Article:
The U.S. Postal Service is considering shorter hours at rural offices across the nation in an effort to offset billions of dollars in losses expected this year. Seven in Thayer County are on the “hit list.”
A total of 44.1 days are earmarked to be cut from 317 locations across the state; 24 hours are targeted to be cut from the seven Thayer County offices.
Postal customers in affected communities received surveys earlier this month outlining four options being considered by USPS including reduced post office hours of operation; curbside delivery; development of a village post office; or the creation of a post office box service at a nearby business.
According to the USPS website, results of the survey will be shared at a series of community meetings.
In Thayer County Byron, Carleton, Chester and Davenport could possibly see a four hour cut moving from the current eight hours of operation a day to four hours of operation a day. Bruning and Deshler could go from eight to six hours of operation per day and Alexandria could go from six hours to two hours of operation a day.
Todd Case, who manages area post office operations from Lincoln said 87 of the 109 rural post offices in his 683 and 684 zip-code domain will be affected.
On Nov. 1, the USPS will hold an informational community meeting including survey results in Alexandria at 6 p.m., at the American Legion Post at 208 Harbine St.
Postage going up
The USPS also announced last week that it will cost a penny more to mail a letter next year. Beginning Jan. 27, 2013, a stamp for a first-class letter will cost 46 cents.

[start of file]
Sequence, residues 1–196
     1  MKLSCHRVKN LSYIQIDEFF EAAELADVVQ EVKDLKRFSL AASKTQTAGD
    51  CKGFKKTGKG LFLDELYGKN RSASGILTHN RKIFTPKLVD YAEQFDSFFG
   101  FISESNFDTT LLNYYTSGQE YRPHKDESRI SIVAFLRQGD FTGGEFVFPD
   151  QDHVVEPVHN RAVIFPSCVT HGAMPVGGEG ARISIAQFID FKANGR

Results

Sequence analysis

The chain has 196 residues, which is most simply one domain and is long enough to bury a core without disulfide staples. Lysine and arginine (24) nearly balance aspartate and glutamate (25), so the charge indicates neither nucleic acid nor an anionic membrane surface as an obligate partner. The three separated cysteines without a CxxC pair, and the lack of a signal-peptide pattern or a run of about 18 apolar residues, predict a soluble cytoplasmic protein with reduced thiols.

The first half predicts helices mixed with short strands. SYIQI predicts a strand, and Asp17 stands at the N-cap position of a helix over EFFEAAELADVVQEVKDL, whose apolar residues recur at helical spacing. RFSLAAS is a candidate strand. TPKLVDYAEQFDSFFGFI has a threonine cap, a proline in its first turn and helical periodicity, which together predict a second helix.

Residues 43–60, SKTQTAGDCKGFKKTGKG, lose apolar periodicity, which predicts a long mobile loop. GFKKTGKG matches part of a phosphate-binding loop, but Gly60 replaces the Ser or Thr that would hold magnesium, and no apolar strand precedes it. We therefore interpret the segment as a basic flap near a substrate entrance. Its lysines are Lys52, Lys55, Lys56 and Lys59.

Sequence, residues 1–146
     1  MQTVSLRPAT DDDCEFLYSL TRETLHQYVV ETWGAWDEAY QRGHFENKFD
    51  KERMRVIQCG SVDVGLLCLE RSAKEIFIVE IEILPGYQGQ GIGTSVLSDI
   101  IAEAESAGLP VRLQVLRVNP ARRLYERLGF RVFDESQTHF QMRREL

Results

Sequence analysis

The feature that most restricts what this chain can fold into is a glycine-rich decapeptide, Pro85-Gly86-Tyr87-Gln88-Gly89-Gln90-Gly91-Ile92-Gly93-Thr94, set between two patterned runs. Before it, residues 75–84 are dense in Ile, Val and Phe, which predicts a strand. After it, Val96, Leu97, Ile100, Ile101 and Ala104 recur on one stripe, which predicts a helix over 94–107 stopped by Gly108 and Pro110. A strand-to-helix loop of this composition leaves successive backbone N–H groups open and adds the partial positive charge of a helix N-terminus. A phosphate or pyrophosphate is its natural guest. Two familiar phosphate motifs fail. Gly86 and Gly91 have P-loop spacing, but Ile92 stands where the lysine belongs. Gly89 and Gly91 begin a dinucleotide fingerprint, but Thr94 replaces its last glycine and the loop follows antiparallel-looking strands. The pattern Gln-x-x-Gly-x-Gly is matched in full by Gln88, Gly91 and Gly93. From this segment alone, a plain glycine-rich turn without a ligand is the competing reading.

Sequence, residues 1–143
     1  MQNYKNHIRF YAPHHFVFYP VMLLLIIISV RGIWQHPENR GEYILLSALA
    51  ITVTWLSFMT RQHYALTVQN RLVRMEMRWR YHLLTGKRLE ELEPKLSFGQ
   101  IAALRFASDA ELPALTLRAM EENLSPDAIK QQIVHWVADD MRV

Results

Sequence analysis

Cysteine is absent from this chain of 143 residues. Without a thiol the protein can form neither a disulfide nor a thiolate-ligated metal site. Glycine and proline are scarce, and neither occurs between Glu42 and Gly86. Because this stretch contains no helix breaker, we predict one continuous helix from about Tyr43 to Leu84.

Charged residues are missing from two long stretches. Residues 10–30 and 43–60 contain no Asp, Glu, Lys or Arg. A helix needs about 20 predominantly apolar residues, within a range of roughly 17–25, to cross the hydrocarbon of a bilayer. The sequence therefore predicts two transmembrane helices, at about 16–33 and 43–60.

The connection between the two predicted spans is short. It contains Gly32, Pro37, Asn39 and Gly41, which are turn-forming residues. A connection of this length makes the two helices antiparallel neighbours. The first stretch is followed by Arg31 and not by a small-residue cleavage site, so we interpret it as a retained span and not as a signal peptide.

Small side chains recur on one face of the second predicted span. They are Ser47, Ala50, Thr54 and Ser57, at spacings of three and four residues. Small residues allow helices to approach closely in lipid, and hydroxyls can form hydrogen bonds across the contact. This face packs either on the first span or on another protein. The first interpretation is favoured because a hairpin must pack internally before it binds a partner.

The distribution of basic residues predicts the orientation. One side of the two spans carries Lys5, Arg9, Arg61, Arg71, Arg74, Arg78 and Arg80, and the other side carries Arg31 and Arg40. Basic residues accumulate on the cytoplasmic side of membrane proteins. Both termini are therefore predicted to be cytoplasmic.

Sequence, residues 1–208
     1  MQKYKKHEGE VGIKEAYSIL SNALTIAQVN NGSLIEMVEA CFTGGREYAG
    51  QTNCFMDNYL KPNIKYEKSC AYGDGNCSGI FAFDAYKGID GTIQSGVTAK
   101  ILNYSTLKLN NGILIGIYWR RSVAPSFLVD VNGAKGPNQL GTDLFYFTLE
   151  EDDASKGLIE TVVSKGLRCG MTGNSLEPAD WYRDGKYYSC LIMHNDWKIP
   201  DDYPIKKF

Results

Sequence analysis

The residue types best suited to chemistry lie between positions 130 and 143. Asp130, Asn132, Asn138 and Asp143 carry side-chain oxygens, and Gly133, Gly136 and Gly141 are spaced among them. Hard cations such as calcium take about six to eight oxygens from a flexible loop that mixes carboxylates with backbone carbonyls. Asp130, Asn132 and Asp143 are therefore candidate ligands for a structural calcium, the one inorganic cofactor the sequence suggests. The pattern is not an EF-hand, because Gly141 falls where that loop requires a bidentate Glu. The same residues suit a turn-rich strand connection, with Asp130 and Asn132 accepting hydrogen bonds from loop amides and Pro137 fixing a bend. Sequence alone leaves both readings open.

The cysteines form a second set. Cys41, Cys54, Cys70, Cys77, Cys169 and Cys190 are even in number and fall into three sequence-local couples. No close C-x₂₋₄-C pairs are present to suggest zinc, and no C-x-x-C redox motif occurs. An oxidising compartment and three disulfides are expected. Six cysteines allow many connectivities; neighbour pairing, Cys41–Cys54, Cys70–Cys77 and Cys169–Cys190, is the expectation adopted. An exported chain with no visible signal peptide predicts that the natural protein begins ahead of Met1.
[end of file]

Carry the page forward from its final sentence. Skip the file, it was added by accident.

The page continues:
It also announced the premier of a new global “forever” stamp, allowing customers to mail first-class letters anywhere in the world for $1.10. Current prices vary depending on destination.
The Postal Service, by law, cannot raise stamp prices more than the rate of inflation, or 2.6 percent, unless Congress gives approval. Although USPS has asked to raise the rate by five cents, lawmakers have failed to move on the issue.
The mail agency will also increase shipping services, such as Priority Mail by an average of four percent.
The latest rate increase will not be enough to overturn the Postal Service’s losses caused by the economic downturn, movement of mail to the Internet and a congressional requirement that USPS fund future retiree medical benefits years in advance.
The Postal Service has also asked Congress to allow it to reduce mail delivery from six to five days per week.
Because stamps are now being issued as forever stamps, they will remain good for first-class postage, but buying new forever stamps will cost more when the price goes up in January.